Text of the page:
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At 75, the Fulbright deserves respect and more funding

Seventy-five years ago, President Truman signed legislation, proposed by Sen. J. William Fulbright of Arkansas, to create an international exchange program that has grown to be the world’s most respected. The Fulbright Program is a centerpiece of American public diplomacy, connecting ordinary people to the extraordinary missions of cooperation and peace.

“Fulbrighters” prove that across borders partnerships can be built to solve problems. We learn to respect each other to lessen conflict. We see our common humanity while savoring cultural differences. We teach each other lasting skills. We do not rely on politicians because we all have the power to make the world a better place.

The Fulbright mission may seem naïve given the realpolitik of international relations. But if that were true, why would nearly 50 other countries collectively contribute a quarter of the program’s budget? Why would China create a program patterned after Fulbright, if it did not advance their strategic goal of building a friendly network of alumni? Exchanges are pragmatic, not idealistic.

Public diplomacy programs fit a global environment where nation-states cannot control cultural and religious movements, and where digital influencers have more power than ministers. Better to have leaders who understand America, who appreciate peace and understanding, embedded in the cultures of 165 countries, as Fulbright does, than to rely on foreign and military policy alone.

Finally, exchange programs are efficient tools of American diplomacy because they pay off for years. There are now more than 400,000 alumni of the Fulbright Program worldwide, carrying the power and mission throughout our lives and careers. This network has been an engine of innovation, leadership and peace for generations. Fulbright advances our national security for a yearly investment that is four-fifths the cost of just one F-22 fighter.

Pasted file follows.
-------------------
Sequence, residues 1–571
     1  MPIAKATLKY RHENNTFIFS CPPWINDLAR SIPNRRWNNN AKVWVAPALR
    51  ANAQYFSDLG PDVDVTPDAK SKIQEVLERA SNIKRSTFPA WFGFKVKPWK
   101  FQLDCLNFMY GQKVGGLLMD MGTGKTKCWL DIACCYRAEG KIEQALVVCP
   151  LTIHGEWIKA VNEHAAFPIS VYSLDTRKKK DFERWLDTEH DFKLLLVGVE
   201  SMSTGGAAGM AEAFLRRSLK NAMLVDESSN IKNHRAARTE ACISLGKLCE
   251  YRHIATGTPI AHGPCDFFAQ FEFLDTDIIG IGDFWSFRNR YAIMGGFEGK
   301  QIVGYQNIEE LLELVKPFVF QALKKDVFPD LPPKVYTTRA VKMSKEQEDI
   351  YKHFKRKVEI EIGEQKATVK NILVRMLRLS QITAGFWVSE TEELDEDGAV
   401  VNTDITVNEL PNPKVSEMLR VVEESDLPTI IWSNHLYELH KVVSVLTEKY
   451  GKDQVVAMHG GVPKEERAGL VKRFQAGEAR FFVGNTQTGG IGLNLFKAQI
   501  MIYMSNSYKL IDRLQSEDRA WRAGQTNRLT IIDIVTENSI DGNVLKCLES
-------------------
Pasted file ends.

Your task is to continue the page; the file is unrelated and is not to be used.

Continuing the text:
Despite these advantages, and a history of bipartisan support in Congress, the tools of public diplomacy gain little attention and even less funding. The Fulbright Program has had flat funding for more than a decade, despite its efficient impact. To rectify that, Fulbrighters believe support will increase if these tools are better understood. We also acknowledge that, like any well-used tool, the Fulbright Program needs some sharpening after 75 years. Here are some ideas:

Advance balanced strategies. It can be tempting to emphasize countries where security interests seem threatened. The Fulbright Program in Afghanistan, now suspended, was part of a larger effort to build goodwill in a perilous environment. Indeed, the lives of Afghan Fulbright alumni are threatened, so we support Rep. John Garamendi’s (D-Calif.) bill (HR 5482) to facilitate their evacuation. But these investments come too often at the cost of programs with traditional allies such as Germany and France, when deepening those relationships is equally important to national security.

Be ambassadors. American Fulbrighters need reminding that they are not just on an educational mission. We are sent as researchers, students and teachers to build relationships that create understanding and goodwill. Free of political agendas and partisanship, we are just as much ambassadors as any diplomat.